- Why AngularJS?
- Understanding AngularJS
- An Overview of the AngularJS Life Cycle
- Separation of Responsibilities
- Adding AngularJS to Your Environment
- Bootstrapping AngularJS in an HTML Document
- Using the Global APIs
- Creating a Basic AngularJS Application
- Using jQuery or jQuery Lite in AngularJS Applications
Bootstrapping AngularJS in an HTML Document
To implement AngularJS in your web pages, you need to bootstrap the HTML document. Bootstrapping involves two parts. The first part is to define the application module by using the ng-app directive, and the second is to load the angular.js library in a <script> tag.
The ng-app directive tells the AngularJS compiler to treat that element as the root of the compilation. The ng-app directive is typically loaded in the <html> tag to ensure that the entire web page is included; however, you could add it to another container element, and only elements inside that container would be included in the AngularJS compilation and consequently in the AngularJS application functionality.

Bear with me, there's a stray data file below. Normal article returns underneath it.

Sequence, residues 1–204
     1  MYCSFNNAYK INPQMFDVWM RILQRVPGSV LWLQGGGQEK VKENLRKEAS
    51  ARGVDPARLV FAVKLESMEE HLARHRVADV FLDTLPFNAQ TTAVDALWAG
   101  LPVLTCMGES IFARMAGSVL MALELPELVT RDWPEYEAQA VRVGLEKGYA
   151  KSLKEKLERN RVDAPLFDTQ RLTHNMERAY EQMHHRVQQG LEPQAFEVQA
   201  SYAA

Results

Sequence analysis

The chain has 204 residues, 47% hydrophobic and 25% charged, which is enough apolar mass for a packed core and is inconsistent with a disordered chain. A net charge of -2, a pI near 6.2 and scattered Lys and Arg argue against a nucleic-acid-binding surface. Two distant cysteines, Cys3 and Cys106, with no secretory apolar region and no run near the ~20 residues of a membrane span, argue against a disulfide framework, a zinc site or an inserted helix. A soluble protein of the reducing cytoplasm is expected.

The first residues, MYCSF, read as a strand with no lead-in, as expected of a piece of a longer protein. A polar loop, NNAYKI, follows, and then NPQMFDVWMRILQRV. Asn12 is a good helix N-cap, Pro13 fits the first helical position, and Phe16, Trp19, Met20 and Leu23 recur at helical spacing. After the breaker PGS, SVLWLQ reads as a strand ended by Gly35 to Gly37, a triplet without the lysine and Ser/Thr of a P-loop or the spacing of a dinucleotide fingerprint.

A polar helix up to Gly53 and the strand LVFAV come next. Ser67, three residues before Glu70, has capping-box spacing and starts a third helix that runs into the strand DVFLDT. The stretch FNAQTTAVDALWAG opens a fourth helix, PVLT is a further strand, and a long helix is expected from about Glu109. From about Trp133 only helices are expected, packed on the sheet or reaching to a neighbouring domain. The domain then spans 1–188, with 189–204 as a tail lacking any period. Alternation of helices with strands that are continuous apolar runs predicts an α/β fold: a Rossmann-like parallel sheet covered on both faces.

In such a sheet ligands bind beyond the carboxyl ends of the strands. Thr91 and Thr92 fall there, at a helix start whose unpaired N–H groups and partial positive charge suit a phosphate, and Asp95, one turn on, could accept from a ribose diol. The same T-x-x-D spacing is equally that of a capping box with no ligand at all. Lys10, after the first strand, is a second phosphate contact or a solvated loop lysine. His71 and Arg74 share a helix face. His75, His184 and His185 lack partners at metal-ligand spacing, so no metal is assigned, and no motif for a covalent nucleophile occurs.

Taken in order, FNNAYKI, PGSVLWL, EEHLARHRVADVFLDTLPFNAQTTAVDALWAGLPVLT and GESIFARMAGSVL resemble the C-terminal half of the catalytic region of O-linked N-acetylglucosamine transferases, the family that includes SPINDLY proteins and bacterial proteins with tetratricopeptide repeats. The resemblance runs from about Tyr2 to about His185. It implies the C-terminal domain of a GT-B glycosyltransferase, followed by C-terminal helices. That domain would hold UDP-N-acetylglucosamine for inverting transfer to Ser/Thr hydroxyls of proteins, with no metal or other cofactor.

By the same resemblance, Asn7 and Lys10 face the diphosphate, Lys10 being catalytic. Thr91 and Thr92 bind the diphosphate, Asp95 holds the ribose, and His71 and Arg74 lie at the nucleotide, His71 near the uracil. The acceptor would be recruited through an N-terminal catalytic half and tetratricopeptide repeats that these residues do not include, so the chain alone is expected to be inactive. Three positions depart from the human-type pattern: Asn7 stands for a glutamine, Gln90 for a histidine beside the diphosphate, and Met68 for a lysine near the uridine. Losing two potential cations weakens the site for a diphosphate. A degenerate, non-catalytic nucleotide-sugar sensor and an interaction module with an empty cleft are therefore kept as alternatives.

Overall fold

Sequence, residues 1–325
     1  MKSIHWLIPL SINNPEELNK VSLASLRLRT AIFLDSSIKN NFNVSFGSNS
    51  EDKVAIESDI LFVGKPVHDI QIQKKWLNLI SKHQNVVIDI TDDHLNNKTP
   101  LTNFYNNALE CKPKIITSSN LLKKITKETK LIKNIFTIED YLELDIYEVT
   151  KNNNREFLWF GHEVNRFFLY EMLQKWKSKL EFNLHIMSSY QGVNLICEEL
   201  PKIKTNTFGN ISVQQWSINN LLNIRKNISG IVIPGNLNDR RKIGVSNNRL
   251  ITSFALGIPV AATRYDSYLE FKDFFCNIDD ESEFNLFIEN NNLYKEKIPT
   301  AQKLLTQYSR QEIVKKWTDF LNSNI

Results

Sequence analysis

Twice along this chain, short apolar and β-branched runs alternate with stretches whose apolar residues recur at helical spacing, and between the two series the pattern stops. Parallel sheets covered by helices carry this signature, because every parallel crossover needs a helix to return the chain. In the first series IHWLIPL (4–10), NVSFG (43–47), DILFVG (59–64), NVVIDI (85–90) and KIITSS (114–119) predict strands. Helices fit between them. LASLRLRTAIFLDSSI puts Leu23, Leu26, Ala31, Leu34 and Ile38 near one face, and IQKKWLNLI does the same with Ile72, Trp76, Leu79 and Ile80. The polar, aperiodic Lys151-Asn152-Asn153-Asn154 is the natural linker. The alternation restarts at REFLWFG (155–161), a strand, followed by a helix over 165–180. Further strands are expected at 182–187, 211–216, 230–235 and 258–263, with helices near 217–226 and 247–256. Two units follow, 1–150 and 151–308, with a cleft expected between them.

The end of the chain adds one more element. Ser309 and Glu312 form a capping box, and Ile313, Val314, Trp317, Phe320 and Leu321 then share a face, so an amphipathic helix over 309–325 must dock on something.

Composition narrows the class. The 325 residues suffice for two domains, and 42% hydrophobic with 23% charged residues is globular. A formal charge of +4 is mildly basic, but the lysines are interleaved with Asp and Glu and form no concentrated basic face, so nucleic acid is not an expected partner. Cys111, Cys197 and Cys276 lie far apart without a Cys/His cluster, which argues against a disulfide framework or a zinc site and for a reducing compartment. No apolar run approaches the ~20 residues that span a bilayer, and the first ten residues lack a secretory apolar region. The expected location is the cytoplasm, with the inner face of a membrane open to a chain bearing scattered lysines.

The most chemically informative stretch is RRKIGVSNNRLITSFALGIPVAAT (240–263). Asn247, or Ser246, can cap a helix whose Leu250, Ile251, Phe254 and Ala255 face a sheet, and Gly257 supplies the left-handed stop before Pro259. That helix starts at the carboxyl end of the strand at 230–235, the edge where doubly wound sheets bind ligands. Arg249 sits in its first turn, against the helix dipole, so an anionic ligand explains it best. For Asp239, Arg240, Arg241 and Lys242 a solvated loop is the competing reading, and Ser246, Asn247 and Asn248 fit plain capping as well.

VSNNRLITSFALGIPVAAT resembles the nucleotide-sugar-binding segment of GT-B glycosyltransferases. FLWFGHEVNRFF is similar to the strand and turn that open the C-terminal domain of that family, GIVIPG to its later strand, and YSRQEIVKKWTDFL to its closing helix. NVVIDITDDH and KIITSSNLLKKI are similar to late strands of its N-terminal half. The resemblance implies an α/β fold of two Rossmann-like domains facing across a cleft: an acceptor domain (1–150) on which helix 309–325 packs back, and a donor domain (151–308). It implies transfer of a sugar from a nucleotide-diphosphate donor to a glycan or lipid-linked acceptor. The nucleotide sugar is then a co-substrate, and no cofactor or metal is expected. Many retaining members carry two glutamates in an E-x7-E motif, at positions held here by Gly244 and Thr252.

When possible, you should include the angular.js library as one of the last tags, if not the last tag, inside the <body> of the HTML. When the angular.js script is loaded, the compiler kicks off and begins searching for directives. Loading angular.js last allows the web page to load faster.
The following is an example of implementing the ng-app and angular.js bootstrap in an HTML document:
<!doctype html> <html ng-app="myApp"> <body> <script src="http://code.angularjs.org/1.2.9/angular.min.js"></script> <script src="/lib/myApp.js"></script> </body> </html>